Al Brodax was a well-known producer and writer who is known for his contributions to the animated series Popeye the Sailor from 1960 – 1962. His other notable series include Cool McCool and Beetle Bailey.

Larry Harmon: Popeye Executive Producer

Larry Harmon was a well-known producer, actor, and writer whose most notable works include Bozo: The World’s Most Famous Clown and Popeye. He also played Richard Hunter in the TV series Matt Houston.

Jack Kinney: Popeye Executive Producer

Jack Kinney was a well-known writer, producer, and director who is best known for his work on the Walt Disney films Dumbo and Pinocchio. He was an executive producer for Popeye and directed five episodes of Walt Disney’s Wonderful World of Color.


Where Popeye Ranks in the Television Pantheon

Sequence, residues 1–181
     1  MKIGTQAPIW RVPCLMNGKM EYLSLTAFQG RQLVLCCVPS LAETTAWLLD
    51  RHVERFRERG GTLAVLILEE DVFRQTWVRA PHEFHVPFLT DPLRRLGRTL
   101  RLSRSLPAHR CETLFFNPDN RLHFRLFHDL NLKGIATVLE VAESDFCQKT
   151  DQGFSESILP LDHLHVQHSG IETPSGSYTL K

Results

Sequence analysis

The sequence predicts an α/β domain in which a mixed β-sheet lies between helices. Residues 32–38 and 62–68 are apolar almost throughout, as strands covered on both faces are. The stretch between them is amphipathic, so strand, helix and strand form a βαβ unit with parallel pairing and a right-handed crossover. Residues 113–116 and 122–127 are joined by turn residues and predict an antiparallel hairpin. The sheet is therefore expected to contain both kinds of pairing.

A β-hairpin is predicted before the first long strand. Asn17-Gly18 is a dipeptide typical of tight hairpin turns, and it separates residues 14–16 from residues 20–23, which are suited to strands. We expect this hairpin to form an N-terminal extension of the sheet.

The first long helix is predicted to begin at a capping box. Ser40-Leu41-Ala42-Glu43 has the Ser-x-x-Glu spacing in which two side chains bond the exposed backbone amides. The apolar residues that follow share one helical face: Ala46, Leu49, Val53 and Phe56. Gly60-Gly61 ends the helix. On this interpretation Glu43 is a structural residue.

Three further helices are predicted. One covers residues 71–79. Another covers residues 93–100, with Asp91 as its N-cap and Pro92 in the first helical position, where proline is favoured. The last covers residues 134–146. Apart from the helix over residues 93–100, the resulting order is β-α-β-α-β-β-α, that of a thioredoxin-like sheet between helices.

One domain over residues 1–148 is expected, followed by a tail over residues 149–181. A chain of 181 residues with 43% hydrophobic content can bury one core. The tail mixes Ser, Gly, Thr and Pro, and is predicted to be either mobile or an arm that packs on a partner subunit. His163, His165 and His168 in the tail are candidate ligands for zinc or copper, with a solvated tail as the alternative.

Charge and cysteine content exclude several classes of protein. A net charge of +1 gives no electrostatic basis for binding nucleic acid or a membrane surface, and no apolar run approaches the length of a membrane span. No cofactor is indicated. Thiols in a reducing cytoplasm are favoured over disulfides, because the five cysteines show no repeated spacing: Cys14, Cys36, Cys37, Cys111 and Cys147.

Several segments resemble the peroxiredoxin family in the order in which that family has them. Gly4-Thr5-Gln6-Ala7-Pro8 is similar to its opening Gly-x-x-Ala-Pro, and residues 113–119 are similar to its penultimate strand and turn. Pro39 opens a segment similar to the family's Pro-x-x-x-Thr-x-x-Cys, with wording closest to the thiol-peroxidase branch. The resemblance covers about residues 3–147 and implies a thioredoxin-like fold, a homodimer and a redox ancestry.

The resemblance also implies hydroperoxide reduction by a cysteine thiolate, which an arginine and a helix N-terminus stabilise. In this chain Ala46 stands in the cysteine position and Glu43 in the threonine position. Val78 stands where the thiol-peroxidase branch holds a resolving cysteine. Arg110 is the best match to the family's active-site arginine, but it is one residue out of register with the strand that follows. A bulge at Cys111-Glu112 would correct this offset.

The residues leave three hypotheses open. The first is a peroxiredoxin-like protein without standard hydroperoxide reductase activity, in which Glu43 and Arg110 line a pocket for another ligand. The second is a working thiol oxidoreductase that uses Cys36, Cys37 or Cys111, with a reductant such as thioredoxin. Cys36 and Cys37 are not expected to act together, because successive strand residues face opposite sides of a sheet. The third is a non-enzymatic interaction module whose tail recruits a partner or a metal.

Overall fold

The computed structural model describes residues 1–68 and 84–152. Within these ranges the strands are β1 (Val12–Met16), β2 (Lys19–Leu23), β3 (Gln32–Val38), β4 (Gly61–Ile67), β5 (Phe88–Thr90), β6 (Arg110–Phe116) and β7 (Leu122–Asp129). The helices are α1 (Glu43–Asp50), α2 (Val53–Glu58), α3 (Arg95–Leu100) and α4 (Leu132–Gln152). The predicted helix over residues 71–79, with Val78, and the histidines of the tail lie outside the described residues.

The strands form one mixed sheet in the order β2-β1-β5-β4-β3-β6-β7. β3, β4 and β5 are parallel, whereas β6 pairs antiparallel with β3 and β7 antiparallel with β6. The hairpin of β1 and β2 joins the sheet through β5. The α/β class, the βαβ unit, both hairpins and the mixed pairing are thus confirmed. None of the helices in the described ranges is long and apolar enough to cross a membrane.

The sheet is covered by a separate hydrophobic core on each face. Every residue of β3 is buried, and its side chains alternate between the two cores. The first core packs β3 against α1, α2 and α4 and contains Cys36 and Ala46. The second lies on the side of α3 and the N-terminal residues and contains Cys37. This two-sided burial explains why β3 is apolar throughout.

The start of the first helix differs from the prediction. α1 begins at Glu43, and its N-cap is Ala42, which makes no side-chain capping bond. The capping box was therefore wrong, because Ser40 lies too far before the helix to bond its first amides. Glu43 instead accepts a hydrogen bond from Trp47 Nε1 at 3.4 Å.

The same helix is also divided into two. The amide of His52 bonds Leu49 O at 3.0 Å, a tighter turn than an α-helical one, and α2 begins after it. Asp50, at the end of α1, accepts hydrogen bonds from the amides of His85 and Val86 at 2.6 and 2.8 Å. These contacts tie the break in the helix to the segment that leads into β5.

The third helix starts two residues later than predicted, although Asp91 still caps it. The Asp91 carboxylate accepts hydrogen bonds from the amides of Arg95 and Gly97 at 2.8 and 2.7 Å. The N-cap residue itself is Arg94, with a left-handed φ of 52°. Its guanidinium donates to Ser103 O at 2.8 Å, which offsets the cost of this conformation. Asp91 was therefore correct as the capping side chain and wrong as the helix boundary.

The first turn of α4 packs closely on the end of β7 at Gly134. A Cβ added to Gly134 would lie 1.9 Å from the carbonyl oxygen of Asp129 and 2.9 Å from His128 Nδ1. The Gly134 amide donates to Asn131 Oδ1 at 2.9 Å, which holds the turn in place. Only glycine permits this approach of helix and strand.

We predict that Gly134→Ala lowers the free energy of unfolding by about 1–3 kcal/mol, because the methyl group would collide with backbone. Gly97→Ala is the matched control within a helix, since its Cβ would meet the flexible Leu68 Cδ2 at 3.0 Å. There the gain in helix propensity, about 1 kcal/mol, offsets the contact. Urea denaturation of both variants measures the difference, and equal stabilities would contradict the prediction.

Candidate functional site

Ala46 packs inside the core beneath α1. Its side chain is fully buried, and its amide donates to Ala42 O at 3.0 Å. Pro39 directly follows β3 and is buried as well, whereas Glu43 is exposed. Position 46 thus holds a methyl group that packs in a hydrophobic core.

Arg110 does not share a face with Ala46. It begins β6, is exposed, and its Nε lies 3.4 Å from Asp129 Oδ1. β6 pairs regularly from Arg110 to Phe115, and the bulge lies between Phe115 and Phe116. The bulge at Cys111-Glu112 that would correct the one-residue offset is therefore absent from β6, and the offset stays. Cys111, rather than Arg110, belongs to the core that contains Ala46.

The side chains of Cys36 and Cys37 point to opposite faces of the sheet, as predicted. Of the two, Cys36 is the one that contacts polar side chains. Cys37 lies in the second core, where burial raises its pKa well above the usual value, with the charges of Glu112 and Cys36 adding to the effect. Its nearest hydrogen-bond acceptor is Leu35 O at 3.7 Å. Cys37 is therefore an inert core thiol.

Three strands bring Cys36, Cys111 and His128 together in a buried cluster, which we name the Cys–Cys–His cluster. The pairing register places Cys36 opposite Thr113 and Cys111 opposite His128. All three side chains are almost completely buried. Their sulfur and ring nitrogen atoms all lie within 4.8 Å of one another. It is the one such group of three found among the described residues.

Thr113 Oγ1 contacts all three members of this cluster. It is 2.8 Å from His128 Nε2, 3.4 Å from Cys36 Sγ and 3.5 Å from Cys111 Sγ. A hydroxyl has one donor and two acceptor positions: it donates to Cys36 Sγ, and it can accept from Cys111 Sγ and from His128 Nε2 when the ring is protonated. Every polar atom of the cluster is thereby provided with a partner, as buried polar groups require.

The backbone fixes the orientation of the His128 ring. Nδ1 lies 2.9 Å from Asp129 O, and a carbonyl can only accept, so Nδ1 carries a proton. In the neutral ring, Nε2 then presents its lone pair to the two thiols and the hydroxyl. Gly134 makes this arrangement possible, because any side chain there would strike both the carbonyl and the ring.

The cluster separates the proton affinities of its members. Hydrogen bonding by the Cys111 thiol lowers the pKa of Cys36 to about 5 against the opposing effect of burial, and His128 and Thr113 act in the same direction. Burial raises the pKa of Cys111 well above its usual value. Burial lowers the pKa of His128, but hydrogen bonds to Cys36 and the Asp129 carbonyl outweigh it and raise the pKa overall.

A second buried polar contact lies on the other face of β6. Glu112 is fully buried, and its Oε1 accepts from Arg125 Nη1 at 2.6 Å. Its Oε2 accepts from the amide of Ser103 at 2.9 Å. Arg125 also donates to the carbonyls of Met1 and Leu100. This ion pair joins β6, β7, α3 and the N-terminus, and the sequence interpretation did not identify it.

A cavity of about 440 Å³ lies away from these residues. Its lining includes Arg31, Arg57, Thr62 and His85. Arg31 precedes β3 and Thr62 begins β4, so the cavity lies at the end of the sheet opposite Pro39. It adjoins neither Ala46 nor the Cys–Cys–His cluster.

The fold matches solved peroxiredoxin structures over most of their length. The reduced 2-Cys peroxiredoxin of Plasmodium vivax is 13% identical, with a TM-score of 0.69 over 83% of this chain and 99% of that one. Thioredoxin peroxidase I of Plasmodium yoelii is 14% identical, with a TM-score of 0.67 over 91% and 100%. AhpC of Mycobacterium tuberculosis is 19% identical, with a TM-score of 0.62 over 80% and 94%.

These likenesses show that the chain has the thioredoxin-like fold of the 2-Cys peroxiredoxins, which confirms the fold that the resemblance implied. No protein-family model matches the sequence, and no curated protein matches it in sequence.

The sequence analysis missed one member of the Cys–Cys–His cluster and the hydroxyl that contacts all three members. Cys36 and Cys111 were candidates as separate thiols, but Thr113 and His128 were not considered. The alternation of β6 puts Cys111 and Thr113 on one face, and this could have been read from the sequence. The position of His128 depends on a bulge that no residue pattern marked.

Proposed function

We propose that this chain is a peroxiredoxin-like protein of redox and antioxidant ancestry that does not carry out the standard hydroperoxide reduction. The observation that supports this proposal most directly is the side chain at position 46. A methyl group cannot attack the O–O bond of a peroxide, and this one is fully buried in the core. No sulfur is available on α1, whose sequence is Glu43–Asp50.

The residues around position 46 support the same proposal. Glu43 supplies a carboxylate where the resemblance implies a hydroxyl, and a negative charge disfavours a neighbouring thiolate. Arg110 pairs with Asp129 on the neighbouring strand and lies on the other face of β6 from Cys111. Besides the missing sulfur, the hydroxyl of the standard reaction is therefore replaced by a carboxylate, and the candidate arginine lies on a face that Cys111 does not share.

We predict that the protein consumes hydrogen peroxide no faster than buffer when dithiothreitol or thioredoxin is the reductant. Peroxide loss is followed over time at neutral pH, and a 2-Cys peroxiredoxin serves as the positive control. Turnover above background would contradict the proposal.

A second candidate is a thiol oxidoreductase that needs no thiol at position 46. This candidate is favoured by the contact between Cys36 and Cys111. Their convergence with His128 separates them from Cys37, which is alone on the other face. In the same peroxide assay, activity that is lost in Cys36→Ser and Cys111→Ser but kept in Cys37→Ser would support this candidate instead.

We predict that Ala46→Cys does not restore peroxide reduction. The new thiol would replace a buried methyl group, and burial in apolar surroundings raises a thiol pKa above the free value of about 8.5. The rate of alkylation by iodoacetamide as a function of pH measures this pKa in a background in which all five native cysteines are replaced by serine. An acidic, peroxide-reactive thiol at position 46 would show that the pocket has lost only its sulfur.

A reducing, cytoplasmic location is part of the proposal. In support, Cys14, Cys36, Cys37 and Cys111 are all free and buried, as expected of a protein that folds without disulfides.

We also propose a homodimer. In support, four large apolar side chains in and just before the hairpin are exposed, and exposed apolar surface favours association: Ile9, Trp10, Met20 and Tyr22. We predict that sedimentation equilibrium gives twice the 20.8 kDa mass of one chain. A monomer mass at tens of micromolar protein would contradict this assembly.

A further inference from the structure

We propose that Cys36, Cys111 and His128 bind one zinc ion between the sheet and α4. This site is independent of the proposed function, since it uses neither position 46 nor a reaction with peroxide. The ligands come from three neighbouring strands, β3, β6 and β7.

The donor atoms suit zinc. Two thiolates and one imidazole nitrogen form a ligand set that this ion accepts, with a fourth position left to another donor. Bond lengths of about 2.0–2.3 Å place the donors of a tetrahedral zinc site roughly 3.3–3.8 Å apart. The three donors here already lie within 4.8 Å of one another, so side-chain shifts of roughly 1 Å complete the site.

Popeye began as a comic strip that was created by famed cartoonist E. C. Segan. It features sailors Bluto, or Brutus in the later cartoons, and Popeye who fight over the skinny Olive Oyl. The comic strip was later developed into a series of classic shorts that were shown before Paramount Pictures releases beginning in the 1930s. One of the shorts, Popeye the Sailor Meets Sinbad the Sailor was nominated for an Oscar. The movie shorts would air for 25 years and would be later syndicated to various television networks. Many have been traced by artists to add color to the original black-and-white versions. In 1960 Popeye was made into an all-new, animated series that has become a classic; that series ran for two years and included 241 episodes. IGN has listed Popeye at number 17 on their list of the Top 100 Best Animated TV Series, and the series also made it onto TV Guide’s list of the 60 Greatest Cartoons of All Time at number 12.